Let’s just say that places like Manor will do well to learn that, in the service industry – the customer is always right. Here’s the story: We booked a table for ten, and upon arrival we were seated in a nice private room. Being the dedicated foodies that we were, we already pre-ordered some popular food items, and after some haggling over the extensive menu we ordered a few more. Halfway through the dinner, the captain came in and told us that, hey, we are $1K short of our minimum charge, and please can we please order more food?
Signature stir-fried noodles with soy sauce.
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So it was Christmas and I was at Teppanyaki Sessyu, one of the many restaurants located with the Cubus building. Cubus is gastronomy heaven, evident from the range of high-end restaurants cooking and brewing from within. Last time I counted there were at least three Japanese restaurants at Cubus, and Sessyu is one of them.
It was my second feast at Sessyu, both time with the same boss. I love Sessyu for the exquisite decoration (check out the wagyu cow statue right smack in the middle of the restaurant) and personalised cooking. You get to witness how your food is cooked, by the chefs themselves right at your table. The set lunches are of exceptional value: for some $250-ish you get a whole range of high quality food, from silky soft chawanmushi (Japanese steamed egg custard) to char-grilled tenderloin steak.
US Angus tenderloin.
Of course, with a set meal there bound to be hits and misses. However I am happy to report that most of the dishes included in Sessyu’s set meal have always been stellar. Of high recommendation is the fried garlic rice. This simple dish is made great by a sprinkling of burnt rice cooked specifically to be crusted on top of the rice, along with generous helping of garlic and anchovies, which gave it a delicious fragrant smell.
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Victoria City Restaurant is the third on my lunchtime to-do list of places to eat in Causeway Bay, which is where my office is located at. I have heard of this restaurant a couple of times from my colleague, but since it is located within the Crowne Plaza Causeway Bay Hotel (the same hotel where the delightful Pavilion is located at), I thought it would be too posh a place to lunch out on a normal work day. Isn’t it?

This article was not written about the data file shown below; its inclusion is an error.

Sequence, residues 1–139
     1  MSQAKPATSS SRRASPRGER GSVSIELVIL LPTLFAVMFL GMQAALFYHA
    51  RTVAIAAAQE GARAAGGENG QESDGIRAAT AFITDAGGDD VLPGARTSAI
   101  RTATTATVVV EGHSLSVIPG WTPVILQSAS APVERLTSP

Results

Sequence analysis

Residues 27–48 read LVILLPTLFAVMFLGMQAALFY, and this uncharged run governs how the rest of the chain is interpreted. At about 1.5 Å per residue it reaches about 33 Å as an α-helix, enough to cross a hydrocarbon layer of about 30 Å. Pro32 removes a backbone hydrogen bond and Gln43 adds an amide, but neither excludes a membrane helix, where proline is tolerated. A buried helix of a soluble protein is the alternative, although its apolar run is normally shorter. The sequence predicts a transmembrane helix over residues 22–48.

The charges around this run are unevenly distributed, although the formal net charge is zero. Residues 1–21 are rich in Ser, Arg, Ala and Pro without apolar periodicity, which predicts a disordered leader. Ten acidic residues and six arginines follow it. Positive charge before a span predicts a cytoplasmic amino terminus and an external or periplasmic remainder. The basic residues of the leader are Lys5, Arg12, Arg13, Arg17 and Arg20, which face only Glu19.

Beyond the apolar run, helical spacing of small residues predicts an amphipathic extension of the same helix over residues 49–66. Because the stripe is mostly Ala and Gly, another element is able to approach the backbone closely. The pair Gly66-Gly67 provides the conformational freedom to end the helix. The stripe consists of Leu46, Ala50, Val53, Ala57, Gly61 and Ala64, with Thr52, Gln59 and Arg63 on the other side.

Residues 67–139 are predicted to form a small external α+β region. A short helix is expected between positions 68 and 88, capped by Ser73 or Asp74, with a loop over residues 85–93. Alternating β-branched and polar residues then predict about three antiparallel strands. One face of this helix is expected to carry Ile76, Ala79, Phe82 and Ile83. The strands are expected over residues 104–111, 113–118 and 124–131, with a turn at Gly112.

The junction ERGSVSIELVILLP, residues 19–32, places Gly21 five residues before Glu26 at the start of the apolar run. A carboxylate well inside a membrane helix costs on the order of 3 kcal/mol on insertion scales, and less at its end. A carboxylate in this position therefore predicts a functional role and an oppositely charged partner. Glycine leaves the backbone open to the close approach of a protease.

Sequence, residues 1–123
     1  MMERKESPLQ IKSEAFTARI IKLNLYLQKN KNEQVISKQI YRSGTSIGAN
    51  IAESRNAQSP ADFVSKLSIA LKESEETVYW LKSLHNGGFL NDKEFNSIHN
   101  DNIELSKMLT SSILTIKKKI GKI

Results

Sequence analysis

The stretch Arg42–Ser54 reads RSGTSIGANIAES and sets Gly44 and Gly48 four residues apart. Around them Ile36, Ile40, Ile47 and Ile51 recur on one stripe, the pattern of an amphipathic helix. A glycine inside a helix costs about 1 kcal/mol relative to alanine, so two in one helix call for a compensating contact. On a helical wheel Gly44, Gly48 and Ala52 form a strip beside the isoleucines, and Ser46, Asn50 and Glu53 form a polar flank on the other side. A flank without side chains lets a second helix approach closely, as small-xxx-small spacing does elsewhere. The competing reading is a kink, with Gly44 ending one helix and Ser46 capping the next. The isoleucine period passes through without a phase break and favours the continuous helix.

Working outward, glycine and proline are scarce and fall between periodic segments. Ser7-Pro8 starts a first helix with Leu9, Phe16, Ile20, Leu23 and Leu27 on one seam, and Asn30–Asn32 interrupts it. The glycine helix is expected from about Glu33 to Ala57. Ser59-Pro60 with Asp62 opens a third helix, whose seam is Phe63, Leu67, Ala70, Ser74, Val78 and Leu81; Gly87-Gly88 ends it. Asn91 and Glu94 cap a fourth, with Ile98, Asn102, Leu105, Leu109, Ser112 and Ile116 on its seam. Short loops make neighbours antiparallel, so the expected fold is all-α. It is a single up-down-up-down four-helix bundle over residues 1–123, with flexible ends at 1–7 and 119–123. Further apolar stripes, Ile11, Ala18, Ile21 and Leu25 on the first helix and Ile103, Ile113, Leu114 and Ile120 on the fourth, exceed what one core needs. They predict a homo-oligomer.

Well, if a new year is not the best time to break some rules and test some boundaries, I don’t know when is. So I threw my frugality mantra out the window and saunter down to Victoria City for a bit of posh Cantonese food.
I shouldn’t have worried about the price. The dishes, from dimsum to chef recommendations, were mid-range in price and certainly of great value for a restaurant operating in hotel. Since there were only two of us we were able to try out only a couple of dishes for the day.
Steamed Chicken Feet With Sauce (HK$19)
I wanted to say this is quite an acquired taste – not of the dish, but of chicken feet. But if you have been living in Hong Kong, eating chicken feet for breakfast is like eating raw oysters for lunch (okay, not quite good an analogy). I am not a fan of chicken feet, but often I will try this as a barometer of how good a Chinese restaurant is. This dish was a bit too oily and salty for my taste, but the chicken feet itself is succulent and easy to eat (read: not disintegrating the moment you bite into it, a definite must for those unable to wield a pair of chopsticks skillfully like yours truly). At three large claws we had enough to go for between the two of us.
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So the title of this blog post does sum up the experience quite nicely. Shun Kee Typhoon Shelter is certainly a authentically Hong Kong experience like no other. Imagine walking your way over the busy, extremely dangerous expressway, dodging traffic and getting lost, to find your way to the typhoon shelter (which, by the way, looks nothing like a shelter)…
… to be greeted with this sight.